Regardless, Sausalito Yacht Club held a Saturday/Sunday J/105 invitational this past weekend, providing sporty, but mostly sunny conditions with their out-the-Gate courses. And the St. Francis Yacht Club hosted 124 boats for an enthusiastic fleet of participants in the four-day ILCA North Americans.
Unlike the tourists, you know T-shirts and shorts are risky attire on the Bay. You can either dress appropriately for your chosen microclimate, or choose to sail when and where it’s warm. Whatever day it is, Friday is not far away — and then comes Saturday.
In a weekend that was all things England with the British F1 Grand Prix in Silverstone, golf’s British Open at Royal St. Georges, and just a short week after the country’s crushing loss to Italy in the Euro Soccer final, SailGP brought their foiling sailing circus to Plymouth for the third event of the 2021 season.
Unfortunately, the Great Britain team was minus their hometown star, the legendary Sir Ben Ainslie — one of the best on the water in any form of sailing or foiling craft — who was taking a break from the series to attend to a long-standing personal commitment.
That left the teams that weren’t already missing a few of their own to the upcoming Olympic Games in Tokyo to generate excitement for the frenzied throngs who dotted the natural stadium amphitheater in massive numbers.
The weekend provided more than enough drama between the uber-aggressive Spanish and Team USA, the closest thing to our local contingent, with Coronado’s Cooper Dressler, the Bay Area’s Daniela Moroz, San Diego’s Andrew Campbell, and Jimmy Spithill calling California home.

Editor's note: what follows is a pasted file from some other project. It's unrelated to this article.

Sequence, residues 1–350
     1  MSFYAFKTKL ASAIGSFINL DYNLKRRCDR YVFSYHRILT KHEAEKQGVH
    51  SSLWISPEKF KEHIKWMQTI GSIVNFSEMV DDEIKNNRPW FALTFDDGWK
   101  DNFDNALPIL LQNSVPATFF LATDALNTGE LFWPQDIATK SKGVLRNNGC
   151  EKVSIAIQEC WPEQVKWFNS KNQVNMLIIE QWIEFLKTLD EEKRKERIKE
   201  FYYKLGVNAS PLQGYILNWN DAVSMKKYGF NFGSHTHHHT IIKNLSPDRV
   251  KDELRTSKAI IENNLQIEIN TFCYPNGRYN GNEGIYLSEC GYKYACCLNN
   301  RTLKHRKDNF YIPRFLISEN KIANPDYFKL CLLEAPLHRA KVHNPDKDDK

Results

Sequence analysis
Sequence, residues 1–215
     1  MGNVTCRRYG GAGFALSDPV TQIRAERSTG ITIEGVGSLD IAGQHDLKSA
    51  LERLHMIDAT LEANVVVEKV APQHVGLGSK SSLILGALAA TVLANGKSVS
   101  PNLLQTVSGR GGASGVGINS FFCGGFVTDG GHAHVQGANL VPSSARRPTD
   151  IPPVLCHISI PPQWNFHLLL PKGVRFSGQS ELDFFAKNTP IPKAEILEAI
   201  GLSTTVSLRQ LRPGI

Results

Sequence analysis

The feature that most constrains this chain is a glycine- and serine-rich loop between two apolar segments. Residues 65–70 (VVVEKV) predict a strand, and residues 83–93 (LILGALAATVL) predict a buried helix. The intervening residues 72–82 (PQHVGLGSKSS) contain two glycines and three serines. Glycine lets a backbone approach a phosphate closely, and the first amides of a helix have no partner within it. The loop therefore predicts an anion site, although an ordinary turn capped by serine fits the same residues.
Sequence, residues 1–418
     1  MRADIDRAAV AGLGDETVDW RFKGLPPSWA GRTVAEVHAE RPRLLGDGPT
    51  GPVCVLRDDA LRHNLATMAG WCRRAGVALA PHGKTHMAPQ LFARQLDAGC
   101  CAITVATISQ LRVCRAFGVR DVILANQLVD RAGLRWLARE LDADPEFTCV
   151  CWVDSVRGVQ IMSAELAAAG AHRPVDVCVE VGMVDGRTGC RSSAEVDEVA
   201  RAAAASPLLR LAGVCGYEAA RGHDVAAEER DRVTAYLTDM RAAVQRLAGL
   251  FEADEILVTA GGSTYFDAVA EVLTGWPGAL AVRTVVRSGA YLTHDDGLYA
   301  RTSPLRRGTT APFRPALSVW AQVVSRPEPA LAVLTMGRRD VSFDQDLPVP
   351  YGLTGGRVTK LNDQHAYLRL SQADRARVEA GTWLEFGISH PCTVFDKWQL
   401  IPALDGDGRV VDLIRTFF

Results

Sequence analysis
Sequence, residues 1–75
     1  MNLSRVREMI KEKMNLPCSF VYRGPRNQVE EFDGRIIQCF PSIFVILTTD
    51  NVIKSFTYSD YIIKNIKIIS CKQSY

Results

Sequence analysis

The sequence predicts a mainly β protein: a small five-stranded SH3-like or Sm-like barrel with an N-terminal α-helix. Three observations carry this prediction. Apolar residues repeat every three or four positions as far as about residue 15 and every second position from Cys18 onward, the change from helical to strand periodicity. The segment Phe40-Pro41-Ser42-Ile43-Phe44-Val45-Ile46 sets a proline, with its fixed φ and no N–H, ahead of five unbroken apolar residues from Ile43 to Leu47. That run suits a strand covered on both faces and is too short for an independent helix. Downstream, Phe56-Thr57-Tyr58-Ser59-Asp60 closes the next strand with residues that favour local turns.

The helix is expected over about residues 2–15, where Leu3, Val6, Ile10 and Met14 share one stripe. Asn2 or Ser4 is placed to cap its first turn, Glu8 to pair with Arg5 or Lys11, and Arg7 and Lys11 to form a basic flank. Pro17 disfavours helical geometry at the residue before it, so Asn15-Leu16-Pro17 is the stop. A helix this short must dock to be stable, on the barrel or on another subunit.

Australia eventually captured the weekend, but the controversy with Spain ruled the day. SailGP’s chief umpire, as well as USA’s Spithill, felt that Phil Robertson, Spain’s Kiwi skipper, had crossed the proverbial line between an amazing starting maneuver and being blatantly dangerous to the rest of the fleet, especially the Americans.
On the first of two days of racing, Spain received a first-ever black flag. Just seconds from the start of the critical third race of the day a last-minute, diving maneuver toward the line by Robertson surprised the fleet with a move that has caused concern among SailGP race officials at previous events, placing Spithill and company once again in the path of a potential unsolicited collision.
Spithill, with the right of way in leeward position, quickly bore away to avoid contact, while pilot Rome Kirby protested the infringement to race umpires, who disqualified the Spanish team, resulting in the black-flag decision by SailGP.
“How many times do we have to see it?” said Spithill. “It’s obvious Phil has done this more than once. It’s not his first offense. It’s well past three strikes. I’m not at all surprised to see him black-flagged.”
The black-flag disqualification was instituted following several racing incidents in this season’s Bermuda Sail Grand Prix to deter future contact between teams.